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Forgetting how to sing — 4 Comments

  1. Civilisation going backwards, inequality growing as part of deliberate government policy in many countries especially in Ireland and the UK – and few challenges to this approach. The churches are generally silent on the causes and effects of the economic crisis apart from honourable exceptions like Fr. Peter McVerry. Of course, the Anglican church has more important issues to worry about – after all who cares about increasing poverty, injustice and inequality when issues of human sexuality need to be discussed. I wonder why the phrase “deckchairs on the Titanic” comes to my mind.
    Martin

  2. Regressive taxation that places an unequal burden upon poor people – a definite slip backwards!

  3. I love singing canticles, but I was taught how to do it at an early age (and then drilled every week when I was in the choir at Lincoln College by organ scholars who had learned their stuff in cathedral choirs). I do prefer using the 1662 texts, though; the newer translations feel clumsy, though this is purely because of the ghost of the familiar rhythms from the older texts bumping along underneath them, not because of inherent ugliness. I prefer chanting or saying canticles to using substitute hymns, which go on longer and tend to have to insert filler words and lines to make up the verses (the same goes for the gloria).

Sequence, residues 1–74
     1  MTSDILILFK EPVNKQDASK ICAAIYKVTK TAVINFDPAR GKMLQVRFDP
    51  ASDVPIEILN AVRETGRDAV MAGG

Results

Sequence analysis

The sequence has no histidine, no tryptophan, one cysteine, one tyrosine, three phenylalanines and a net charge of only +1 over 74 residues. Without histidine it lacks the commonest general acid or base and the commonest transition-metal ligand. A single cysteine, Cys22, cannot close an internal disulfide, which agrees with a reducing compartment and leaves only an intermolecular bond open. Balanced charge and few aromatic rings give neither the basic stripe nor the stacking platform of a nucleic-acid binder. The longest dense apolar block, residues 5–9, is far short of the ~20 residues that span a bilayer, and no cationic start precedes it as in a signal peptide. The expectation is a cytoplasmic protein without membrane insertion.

However, chant done badly can be very, very awful. You have to take it at a lick and sing in speech-rhythm as far as possible, nimbly and lightly. It’s hard.

  4. Oh dear! I must have made you cringe on many occasions.

    The canticles on Sunday were briskly and loudly sung.

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